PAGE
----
Violence is an expression of aggression. There can be various reasons that cause this kind of behaviour.
How is gendered violence inscribed through the spectacular and in everyday life? Anti-colonial struggles that achieved independence and formed post- colonial nation states have consolidated themselves through prodigious violence that defined and divided communities, memories, and futures.
Promises betrayed reverberate across the very borders such violation enshrines. This can be said of south Asia in its entirety. Continued in an era of transnational capital, which professes to have exceeded the nation state in both material and conceptual terms, gendered identities are constantly deployed to mediate the incommensurate between global capital and national particu- larisms.
We are concerned with these very mutations and reincarnations in bio- political states Foucault, a, b, Aware of the ways in which the authority of the state rearticulates itself through consolidations of cultural nationalisms and majority identity-formations, we wish to fore- ground the gendered contours in which this resurgence is effected, situat- ing it within shifting global, national, and local power relations.
Gendered violence is hardly the preserve of south Asia; globally, ethnic Downloaded from cdy. Engendering Violence violence, wars, colonialism, economic policy, religion and communitarian Engendering violence essay, and state-sanctioned terror have affected women in highly specific ways.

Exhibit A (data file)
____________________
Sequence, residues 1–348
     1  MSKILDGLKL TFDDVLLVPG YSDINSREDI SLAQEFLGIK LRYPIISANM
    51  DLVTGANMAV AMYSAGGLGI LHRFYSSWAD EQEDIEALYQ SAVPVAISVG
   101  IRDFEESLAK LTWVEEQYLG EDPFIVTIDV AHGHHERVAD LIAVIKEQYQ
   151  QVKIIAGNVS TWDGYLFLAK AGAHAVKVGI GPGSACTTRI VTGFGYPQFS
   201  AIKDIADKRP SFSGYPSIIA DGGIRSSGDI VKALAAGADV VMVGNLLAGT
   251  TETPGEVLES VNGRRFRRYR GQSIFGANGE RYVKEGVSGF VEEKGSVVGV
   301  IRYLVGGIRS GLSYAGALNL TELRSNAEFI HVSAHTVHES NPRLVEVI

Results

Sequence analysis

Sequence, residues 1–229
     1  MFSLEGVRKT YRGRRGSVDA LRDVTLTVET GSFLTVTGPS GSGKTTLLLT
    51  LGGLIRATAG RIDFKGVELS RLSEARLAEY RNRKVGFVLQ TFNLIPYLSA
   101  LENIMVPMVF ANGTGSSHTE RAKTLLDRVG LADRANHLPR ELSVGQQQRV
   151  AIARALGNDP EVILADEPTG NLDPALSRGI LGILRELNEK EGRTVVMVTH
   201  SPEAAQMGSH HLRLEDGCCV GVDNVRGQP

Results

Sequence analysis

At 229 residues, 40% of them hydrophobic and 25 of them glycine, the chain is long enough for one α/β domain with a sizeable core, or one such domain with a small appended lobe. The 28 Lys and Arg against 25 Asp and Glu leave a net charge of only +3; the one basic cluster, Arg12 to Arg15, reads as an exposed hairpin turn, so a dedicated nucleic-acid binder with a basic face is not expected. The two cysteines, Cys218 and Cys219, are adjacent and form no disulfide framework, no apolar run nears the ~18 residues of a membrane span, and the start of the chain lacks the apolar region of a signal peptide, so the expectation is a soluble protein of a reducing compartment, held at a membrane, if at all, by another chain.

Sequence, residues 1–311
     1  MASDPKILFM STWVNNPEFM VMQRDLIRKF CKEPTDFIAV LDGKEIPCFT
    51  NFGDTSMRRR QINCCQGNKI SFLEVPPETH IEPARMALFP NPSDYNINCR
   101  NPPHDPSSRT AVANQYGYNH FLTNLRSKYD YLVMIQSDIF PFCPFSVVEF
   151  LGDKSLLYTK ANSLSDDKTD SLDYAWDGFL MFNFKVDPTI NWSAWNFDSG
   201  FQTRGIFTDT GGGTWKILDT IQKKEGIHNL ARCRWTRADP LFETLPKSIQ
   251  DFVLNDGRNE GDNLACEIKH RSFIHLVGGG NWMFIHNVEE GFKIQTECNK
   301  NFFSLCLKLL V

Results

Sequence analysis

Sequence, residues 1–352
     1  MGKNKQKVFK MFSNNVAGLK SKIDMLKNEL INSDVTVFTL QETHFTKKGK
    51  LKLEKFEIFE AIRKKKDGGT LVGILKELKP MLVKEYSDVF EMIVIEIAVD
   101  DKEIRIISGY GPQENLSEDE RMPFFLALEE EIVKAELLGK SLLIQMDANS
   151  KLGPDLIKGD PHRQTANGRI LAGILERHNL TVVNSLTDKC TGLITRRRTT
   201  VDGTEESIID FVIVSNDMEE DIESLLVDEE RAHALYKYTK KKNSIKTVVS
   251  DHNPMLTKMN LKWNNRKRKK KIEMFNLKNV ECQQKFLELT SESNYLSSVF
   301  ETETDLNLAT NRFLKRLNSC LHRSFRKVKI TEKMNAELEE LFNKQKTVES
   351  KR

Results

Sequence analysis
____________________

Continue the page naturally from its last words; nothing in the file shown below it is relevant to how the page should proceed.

Here we outline some of the words and events that highlight the importance of a gendered analysis of violence in south Asia.
In doing so we seek to break the divisions between the public and private, political and sexual, that have pervaded the study of violence, arguing for reflexive scholarship and practice as powerful and necessary intervention.
This results in a crucial shift: Even when social legislation passed by the state has been progressive in a given context. What appears to be happening today in much of South and South-East Asia is the convergence of state and community-dictated patriarchal norms.
A gendered analysis of the violence—everyday, symbolic, or sudden—shows most of all that what women share is the way in which they experience this violence, holding in common the destructive reality of sexual brutalization, displacement, death, loss of loved ones, property, homes, and futures.
These events shift subjectivities and create new forms of agency in the process. Many of the articles in this volume propose a more nuanced understanding of these forms of agency. State formation in each of the south Asian cases has been premised on political investments in forms of violence, and their intersection with the daily, economic violence of poverty and systemic disenfranchisement.